4014 and 844 Meet

Symbolic driving of the Golden Spike

844 “The Living Legend”

Little boy – Big Boy

The National Park Service commemoration of the 150th was a long planned event.  Tickets to park near the site were doled out months in advance.  Approximately 25,000 people attended the festivities on the May 10th anniversary.  There was a highly choreographed musical play performed by mostly young people.  There were speeches from 2 Cabinet Secretaries, Utah’s governor, a Congressman, the Union Pacific President, Irish Ambassador and others.  The United States Postal Service issued a new stamp.  The park service changed the name of the place from a “historical site” to a “Historical Park”The event was covered by newsmedia and a film crew.  It was crowded but we were thrilled to witness such an historic event.

Iconic Golden Spike photo

Crowds at the Golden Spike

Performers in
“As One”

Historic pose

The Spike

Driving the Spike

Unveiling the new park sign

Ogden itself had a celebration at Union Station.  Their annual Heritage Fest was expanded from 1 day to 3 days.  Attendance was huge for all days with a big local turnout on Saturday, the final day.  Locals seemed thrilled to see the steam locomotives.  We also attended lectures on the Chinese workers so integral to the completion of the transcontinental railroad.  The contribution of the Chinese was emphasized this year as they were totally ignored on the 100th anniversary in 1969.  Speakers also addressed the Irish, African American and Mormon workers.  As part of the Heritage Fest we saw excellent dance performances from Native American, Irish, Pacific Islander, India and Mexican dancers.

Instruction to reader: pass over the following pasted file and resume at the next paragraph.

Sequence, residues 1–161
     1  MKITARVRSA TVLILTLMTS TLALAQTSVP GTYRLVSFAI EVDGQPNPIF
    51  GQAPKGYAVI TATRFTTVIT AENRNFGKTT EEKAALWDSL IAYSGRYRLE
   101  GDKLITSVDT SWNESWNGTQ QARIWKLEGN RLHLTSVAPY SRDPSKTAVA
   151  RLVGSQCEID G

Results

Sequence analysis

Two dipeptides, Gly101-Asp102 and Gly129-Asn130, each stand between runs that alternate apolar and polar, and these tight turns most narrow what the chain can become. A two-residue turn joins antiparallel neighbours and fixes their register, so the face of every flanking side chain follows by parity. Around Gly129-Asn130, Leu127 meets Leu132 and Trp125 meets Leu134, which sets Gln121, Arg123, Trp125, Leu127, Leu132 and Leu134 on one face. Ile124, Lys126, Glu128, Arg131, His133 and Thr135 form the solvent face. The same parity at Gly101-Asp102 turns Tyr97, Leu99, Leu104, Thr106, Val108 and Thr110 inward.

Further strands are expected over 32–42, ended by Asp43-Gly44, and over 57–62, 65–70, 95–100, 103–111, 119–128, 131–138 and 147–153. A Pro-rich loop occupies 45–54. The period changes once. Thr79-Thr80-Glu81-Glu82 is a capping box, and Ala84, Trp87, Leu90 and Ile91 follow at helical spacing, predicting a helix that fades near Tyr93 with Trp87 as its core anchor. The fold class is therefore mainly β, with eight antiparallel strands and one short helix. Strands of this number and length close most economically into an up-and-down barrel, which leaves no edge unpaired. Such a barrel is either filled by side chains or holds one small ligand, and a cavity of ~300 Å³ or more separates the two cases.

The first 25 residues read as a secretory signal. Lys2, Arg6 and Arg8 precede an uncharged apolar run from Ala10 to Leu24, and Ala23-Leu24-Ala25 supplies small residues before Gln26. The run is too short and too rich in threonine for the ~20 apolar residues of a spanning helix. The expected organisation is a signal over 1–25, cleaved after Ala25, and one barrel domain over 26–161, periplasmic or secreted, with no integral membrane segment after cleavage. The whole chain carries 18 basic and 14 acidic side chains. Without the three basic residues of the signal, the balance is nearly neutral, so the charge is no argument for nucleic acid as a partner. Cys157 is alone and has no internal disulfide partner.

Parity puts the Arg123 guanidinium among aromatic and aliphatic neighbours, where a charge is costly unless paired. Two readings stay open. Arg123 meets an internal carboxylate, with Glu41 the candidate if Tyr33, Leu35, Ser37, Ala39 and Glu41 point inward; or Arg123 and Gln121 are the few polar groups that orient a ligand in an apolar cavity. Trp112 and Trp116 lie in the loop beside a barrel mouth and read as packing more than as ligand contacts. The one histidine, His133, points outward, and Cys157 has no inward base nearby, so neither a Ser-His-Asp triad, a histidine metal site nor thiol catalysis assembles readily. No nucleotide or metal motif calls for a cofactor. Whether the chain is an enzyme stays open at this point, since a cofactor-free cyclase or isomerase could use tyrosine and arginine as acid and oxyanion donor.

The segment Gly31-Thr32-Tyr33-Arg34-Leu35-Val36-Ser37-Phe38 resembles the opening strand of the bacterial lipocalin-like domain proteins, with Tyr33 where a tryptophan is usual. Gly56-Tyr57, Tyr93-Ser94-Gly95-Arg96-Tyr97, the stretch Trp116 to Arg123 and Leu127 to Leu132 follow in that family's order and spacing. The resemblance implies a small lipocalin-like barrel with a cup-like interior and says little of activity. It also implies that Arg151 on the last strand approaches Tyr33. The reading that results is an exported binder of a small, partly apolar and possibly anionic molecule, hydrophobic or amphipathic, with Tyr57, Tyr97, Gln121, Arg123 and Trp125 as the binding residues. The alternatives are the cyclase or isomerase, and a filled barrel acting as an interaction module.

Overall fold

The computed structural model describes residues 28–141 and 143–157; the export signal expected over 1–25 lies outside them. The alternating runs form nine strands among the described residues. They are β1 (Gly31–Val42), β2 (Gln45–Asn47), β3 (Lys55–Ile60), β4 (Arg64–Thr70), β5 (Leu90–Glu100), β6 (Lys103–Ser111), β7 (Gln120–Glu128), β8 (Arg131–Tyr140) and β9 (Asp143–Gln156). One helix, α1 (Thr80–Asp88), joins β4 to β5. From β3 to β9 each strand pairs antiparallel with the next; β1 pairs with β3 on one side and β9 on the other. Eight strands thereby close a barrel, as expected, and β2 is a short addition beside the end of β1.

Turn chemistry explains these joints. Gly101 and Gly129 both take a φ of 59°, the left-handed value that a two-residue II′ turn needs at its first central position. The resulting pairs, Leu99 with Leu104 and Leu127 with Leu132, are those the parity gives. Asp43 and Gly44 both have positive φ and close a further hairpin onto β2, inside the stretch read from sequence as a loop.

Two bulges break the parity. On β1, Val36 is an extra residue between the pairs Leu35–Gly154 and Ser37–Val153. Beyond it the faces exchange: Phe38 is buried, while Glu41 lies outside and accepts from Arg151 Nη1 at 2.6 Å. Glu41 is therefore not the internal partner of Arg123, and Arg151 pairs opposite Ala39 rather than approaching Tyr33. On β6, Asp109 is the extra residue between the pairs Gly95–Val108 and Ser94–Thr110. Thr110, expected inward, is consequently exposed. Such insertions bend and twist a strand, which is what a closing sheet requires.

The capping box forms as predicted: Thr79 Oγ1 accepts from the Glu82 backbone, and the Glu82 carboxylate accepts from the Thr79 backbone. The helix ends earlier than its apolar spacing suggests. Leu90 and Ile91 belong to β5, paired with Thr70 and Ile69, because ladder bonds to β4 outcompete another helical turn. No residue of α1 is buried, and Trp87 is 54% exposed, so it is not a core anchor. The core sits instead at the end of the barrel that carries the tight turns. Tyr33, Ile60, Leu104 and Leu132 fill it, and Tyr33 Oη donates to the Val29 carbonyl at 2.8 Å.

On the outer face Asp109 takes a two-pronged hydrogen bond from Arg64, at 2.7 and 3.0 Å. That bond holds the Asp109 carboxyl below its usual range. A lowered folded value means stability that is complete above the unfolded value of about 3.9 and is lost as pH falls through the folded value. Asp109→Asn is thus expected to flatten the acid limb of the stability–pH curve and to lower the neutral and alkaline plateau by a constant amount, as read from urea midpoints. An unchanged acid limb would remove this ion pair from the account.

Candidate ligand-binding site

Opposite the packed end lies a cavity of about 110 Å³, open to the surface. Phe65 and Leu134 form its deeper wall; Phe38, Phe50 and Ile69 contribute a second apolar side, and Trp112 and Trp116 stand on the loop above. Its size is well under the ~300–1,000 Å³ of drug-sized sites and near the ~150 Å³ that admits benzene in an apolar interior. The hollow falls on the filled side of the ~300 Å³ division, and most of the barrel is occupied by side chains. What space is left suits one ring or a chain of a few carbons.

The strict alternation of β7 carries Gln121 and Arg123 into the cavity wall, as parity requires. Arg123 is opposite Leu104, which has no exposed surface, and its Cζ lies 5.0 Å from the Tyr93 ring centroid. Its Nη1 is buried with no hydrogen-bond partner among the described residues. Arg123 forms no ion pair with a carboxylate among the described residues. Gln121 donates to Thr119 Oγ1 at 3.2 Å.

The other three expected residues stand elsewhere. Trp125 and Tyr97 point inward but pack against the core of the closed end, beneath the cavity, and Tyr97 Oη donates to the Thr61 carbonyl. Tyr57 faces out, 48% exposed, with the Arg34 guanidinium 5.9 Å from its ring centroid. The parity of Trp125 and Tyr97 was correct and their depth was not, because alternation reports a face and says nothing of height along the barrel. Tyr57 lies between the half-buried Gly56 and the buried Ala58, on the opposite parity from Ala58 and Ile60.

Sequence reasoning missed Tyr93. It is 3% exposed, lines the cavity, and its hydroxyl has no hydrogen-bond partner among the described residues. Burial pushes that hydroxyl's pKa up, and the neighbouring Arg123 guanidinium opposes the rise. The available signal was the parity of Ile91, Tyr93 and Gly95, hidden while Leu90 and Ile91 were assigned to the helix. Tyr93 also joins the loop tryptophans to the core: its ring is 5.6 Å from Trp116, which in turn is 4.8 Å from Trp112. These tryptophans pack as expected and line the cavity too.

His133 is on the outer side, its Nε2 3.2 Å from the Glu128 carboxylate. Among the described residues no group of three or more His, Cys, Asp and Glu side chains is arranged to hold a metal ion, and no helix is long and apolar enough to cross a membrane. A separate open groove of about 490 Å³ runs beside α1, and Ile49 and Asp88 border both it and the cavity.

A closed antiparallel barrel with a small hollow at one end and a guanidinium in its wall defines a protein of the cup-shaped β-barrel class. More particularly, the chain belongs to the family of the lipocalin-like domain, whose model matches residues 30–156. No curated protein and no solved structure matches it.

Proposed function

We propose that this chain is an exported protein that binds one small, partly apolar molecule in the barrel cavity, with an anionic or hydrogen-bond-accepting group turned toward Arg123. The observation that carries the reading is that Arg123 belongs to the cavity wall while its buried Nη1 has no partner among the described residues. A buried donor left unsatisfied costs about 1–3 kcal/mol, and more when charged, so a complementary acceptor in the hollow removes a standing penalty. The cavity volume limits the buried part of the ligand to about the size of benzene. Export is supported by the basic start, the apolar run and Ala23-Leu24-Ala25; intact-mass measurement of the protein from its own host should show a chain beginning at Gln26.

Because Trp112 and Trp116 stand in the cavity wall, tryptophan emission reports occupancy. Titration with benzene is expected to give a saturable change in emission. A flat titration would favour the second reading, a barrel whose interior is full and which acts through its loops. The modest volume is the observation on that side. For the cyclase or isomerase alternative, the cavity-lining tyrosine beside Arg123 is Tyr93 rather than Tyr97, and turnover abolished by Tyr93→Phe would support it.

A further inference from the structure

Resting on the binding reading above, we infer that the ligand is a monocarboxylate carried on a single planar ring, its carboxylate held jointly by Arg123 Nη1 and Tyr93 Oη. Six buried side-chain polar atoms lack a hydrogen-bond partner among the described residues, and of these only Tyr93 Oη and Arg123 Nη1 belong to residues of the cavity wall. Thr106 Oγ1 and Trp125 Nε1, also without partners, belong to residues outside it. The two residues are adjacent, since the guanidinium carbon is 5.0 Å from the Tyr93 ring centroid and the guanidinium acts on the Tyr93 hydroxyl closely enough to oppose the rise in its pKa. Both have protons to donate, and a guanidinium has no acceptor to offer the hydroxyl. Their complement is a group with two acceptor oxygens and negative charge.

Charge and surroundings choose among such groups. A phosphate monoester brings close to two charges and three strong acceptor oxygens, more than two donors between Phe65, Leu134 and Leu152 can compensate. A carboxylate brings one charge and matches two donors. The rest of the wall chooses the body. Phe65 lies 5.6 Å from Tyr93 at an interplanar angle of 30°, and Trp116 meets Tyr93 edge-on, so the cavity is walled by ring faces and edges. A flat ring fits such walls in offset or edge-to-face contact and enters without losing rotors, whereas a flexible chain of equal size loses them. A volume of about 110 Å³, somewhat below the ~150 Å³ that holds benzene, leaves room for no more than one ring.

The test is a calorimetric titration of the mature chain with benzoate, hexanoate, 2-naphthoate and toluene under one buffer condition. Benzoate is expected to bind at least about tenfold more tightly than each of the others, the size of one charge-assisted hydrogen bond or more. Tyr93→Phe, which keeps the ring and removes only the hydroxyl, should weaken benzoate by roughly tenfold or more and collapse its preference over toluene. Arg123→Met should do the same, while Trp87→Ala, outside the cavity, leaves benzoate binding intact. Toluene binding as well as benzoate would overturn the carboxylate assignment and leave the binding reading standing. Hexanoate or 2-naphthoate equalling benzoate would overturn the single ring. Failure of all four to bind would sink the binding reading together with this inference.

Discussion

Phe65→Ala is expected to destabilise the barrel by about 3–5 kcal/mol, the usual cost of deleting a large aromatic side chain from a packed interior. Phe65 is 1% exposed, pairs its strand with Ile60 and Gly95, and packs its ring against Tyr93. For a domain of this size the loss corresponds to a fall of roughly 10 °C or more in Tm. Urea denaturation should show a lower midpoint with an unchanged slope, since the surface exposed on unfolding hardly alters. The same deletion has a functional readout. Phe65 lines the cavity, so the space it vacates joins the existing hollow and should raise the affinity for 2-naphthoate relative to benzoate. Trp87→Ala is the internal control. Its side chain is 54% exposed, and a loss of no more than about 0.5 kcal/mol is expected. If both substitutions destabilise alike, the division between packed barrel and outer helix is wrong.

Union Station Water Tower

Locals loved the Big Boy

Ogden town and the Wasatch Mountains

Navajo Shawl Dancer

Our final event over the 150th celebration was a chase of the Big Boy as it headed east back to Cheyenne.  Thousands of people lined the shoulder of I-84 and every side road along the route.  Big Boy 4014 did not disappoint.

4014 and 844 heading East

Last but not least we have a rare (for us) you-tube link to a video Dianne shot of the 2 giant steam locomotives on their way back to Cheyenne WY…

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Verde Valley Arizona

Verde Valley is truly a greener valley in the desert that is Arizona.  Located about midway between Phoenix and Flagstaff it has several year-round rivers providing water to support a thriving population for thousands of years.  It is estimated that up to 30,000 indigenous people once lived in this valley.  There were over 40 communities of these Ancestral Puebloan people and now many sites are accessible thanks to the National Park Service.  We visited Palatki, Honanki, V Bar V Archeological Site, Montezuma Castle NM, Montezuma Well NM and Tuzigoot NM.   Most of the sites were abandoned by around 1400 CE.  There are many theories as to why they left but the nearby Hopi simply say they were on their way to the lands of the present-day Hopi.

On the road to Palatki and Honanki



1000 year old handprint




Tuzigoot NM


V Bar V Ranch archeological site

V Bar V petroglyphs

more V Bar V

Montezuma Well

Montezuma Castle


We stayed at the Thousand Trails RV Park in Cottonwood.  Cottonwood is a nice size community that has become known as Arizona’s wine country.  It is also nearby the former mining/ghost town Jerome and Clarkdale, a planned community founded by copper magnate William Clark.  Sedona is also nearby with its world class hiking and home to billionaires.